IT consultant Ravi Mathur bought a house in Melbourne’s southeastern suburb Glen Waverley just two years back in January 2021. It is a great property close to a good school and University for his daughter, however, calculations are very tight after twelve straight interest rise in as many months.
Like most stretched borrowers Ravi and his wife Amandeep Kaur Mathur are crossing their fingers for an extended interest rate pause when the Reserve Bank board meets.
Amandeep told The Australia Today, “It was a good investment which had benefits beyond property.”
“Today, both of us are questioning our move from Point Cook to Glen Waverly des
The convincing slowdown in inflation and cautious consumers have upped the chances of a second month on hold on Tuesday after the central bank held the cash rate steady at 4.1 per cent in July.
Working in the other direction is another set of strong jobs market data and persistently high rents and services inflation, which will keep the possibility of another rate hike alive.
The bulk of experts surveyed by Finder expect the central bank to stay on hold in August, although about one in three expect rates to move higher this week.
If it’s a pause, mortgage holders will welcome the relief as the full force of the 12 interest rate hikes to date work through the economy.
Hundreds of thousands of homeowners have been insulated from higher interest rates thanks to their ultra-low fixed-rate loans.
But when these loans expire, borrowers will be bumped onto the much more expensive variable or fixed-rate loans now on offer.
Even for variable-rate mortgage holders, the last few rate increases are unlikely to have fully impacted their accounts.
Banks typically take two or three months to respond to cash rate movements and process changes.
Once all 12 hikes are passed on, RateCity analysis has the average borrower with a $500,000 mortgage stumping up well over $1100 extra toward their loan compared to what they were paying before interest rates started going up.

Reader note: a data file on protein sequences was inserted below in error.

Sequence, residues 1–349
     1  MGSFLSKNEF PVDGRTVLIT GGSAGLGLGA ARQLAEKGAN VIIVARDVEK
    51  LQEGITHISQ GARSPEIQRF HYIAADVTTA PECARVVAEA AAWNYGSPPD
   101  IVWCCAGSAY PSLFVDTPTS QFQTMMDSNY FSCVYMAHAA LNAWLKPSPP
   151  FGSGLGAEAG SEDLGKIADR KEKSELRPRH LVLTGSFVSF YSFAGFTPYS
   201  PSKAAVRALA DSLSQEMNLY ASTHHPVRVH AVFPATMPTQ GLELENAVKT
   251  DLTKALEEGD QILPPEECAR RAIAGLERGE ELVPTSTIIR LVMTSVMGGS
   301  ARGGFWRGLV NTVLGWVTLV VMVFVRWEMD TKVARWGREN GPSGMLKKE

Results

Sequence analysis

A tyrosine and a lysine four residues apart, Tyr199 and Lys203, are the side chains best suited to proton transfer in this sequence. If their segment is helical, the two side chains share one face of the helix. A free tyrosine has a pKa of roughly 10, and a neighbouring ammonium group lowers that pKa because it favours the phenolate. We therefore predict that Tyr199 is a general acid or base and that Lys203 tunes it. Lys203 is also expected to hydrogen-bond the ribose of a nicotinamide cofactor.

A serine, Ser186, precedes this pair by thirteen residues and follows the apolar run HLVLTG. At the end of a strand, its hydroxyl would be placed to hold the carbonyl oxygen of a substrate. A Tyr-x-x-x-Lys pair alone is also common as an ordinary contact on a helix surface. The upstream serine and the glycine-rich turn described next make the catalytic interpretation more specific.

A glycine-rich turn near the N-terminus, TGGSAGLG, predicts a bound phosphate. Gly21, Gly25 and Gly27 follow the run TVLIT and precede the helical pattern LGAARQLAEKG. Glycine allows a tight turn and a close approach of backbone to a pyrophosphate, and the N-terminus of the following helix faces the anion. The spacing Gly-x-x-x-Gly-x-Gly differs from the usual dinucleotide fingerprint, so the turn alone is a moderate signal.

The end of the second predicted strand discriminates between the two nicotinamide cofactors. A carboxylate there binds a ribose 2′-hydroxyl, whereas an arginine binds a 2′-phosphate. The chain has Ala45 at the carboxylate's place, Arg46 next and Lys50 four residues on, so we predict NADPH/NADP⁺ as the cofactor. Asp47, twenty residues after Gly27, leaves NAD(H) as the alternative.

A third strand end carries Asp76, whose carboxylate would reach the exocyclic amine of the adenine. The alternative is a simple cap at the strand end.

Higher mortgage costs and rising prices for food, energy and other goods and services are already pushing up household budgetary pressures.
A financial stress index assembled by NAB revealed its sixth quarterly hike in a row in June to reach a seven-year high.
While meeting mortgage repayment and rents emerged as a prominent stressor, they ranked lower than some other sources of distress like saving for retirement.
Despite the tough financial environment, most borrowers are making their mortgage repayments, as the leaders of the big four banks told a parliamentary inquiry earlier this month.
But financial pressures have prompted some homeowners to sell up, with Compare the Market data showing 5.5 per cent of mortgagees are preparing to put their homes on the market.
The cash rate decision will dominate the start of the week, but by Friday eyes will be fixed on a fresh set of economic forecasts from the Reserve Bank.
The statement on monetary policy maps out the central bank’s assessment of how the economy is tracking domestically and internationally.
Along with the cash rate decision, Tuesday will also be a big day for housing data, with CoreLogic to release its national home price index.
The Australian Bureau of Statistics will drop lending and building approvals data on the same day, while it will release international trade numbers on Thursday.
US shares have continued their march higher as slowing inflation in the world’s biggest economy pushes the Federal Reserve towards the end of its rapid-fire interest rate hiking cycle.
On Friday, the Dow Jones Industrial Average rose 176.37 points, or 0.5 per cent, to 35,459.09, while the S&P 500 gained 44.76 points, or 0.99 per cent, to 4582.17.
The Nasdaq Composite index added 266.55 points, or 1.9 per cent, to 14,316.66.
Australian share futures were up 19 points, or 0.25 per cent, to 7376.
The benchmark S&P/ASX200 index finished Friday down 52.3 points, or 0.7 per cent, at 7403.6.
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